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Mayor and Council to Consider Regulations for Short-Term Residential Rentals, Residential Room Rentals, Accessory Apartments and Accessory Dwelling Units

The Mayor and Council will consider whether to initiate the public review process for several changes to the city code and zoning ordinance at upcoming meetings in January.

On Jan. 9, the Mayor and Council will determine whether to initiate a review process for proposed code changes to implement regulations for short-term residential rentals, as well as regulate the rental of rooms within a residence. The intent of the code changes are to clarify when short-term rentals, typically booked through services such as AirBnB and VRBO, are permitted. Proposed conditions include limitations on the number of days per year that a unit may be rented, as well as limitations on the amount of rental unit guests.

Should the regulations be adopted, landlords would be required to register units with the city and be subject to the city’s hotel tax.

An accessory apartment added to existing house
An accessory apartment added to existing house.

The city’s zoning ordinance allows up to two people to occupy a dwelling in addition to the resident family. This has been interpreted to permit up to two rooms to be rented to individuals that are not family members.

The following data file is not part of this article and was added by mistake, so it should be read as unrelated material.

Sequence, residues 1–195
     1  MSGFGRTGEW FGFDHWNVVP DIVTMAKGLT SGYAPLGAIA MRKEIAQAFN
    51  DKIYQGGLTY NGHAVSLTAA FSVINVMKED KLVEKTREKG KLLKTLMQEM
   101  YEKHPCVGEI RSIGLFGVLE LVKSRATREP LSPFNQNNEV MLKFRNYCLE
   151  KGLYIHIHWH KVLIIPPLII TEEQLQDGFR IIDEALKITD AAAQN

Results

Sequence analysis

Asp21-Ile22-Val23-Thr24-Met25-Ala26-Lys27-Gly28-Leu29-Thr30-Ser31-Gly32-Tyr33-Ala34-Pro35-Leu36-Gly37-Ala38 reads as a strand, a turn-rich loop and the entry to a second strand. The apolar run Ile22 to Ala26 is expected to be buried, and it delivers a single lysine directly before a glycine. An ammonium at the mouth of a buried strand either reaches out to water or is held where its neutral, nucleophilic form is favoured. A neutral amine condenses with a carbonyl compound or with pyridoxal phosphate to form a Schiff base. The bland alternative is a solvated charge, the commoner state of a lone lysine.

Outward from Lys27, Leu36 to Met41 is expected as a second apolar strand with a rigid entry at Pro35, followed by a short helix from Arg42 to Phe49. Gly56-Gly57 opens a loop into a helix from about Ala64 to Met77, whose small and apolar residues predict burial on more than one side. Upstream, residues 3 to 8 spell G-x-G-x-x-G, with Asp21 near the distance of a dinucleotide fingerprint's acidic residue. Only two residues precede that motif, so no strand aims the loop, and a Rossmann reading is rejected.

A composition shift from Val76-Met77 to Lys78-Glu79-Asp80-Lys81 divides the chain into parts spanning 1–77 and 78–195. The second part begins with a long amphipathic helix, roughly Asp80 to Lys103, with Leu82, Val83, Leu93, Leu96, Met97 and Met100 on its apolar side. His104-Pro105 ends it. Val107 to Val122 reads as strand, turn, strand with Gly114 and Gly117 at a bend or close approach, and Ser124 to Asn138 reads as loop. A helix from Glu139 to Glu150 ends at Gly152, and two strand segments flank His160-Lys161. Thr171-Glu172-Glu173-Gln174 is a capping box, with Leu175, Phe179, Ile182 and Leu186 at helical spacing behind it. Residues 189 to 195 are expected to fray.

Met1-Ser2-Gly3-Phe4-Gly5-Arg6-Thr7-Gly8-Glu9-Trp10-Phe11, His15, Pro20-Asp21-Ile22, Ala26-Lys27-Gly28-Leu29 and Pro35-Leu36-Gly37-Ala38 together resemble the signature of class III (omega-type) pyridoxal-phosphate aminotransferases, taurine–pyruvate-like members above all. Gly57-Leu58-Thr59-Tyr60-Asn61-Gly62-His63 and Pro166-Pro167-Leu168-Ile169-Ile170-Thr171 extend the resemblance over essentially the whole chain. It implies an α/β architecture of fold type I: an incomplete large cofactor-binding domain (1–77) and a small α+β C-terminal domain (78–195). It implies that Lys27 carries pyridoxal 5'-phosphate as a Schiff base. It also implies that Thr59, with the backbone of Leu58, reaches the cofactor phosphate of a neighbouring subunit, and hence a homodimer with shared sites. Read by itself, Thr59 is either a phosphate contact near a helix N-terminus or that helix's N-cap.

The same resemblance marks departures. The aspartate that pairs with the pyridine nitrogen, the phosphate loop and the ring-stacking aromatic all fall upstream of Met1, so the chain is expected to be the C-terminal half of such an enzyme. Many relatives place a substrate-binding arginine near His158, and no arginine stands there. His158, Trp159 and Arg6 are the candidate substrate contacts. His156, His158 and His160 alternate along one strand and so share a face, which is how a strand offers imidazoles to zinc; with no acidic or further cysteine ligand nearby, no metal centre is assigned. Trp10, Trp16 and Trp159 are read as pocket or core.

At present, there are no requirements related to safety inspections or for such rentals being subject to the city’s landlord-tenant ordinance. The proposed regulations would require that rental of rooms be licensed and subject to regular inspection, as the rental of residences are currently.   

On Jan. 23, the Mayor and Council will consider whether to initiate a public review process to change city code and the zoning ordinance related to accessory apartments and accessory dwelling units, or ADUs.

Accessory apartments are small dwelling units either located within or attached to a single-family detached residence, subject to certain criteria.

Current code allows such dwellings through approval of a special exception by the Board of Appeals, which can be a lengthy process. Proposed code changes would allow such dwelling units to be approved by staff, subject to compliance with certain criteria, thereby reducing processing time.

A free-standing accessory dwelling unit
A free-standing accessory dwelling unit.

ADUs, defined as small dwellings within a detached accessory structure on a single-family lot, are not currently permitted in the city. The proposed code changes would allow approval of ADUs by staff, subject to certain criteria, as a conditional use. If approved, such units would be subject to the same inspection requirements as other rental units in the city.

If the Mayor and Council authorize the amendments, they will be presented to the Planning Commission for a recommendation. The Mayor and Council will hold public hearings on the amendments prior to making a decision on each.

Draft versions of the city code and zoning ordinance amendments will be available as part of the Mayor and Council agenda packets for the Jan. 9 and 23 meetings, when posted, at www.rockvillemd.gov/AgendaCenter.

For more information, contact Jim Wasilak, zoning administrator, at 240-314-8211 or by email at jwasilak@rockvillemd.gov.  

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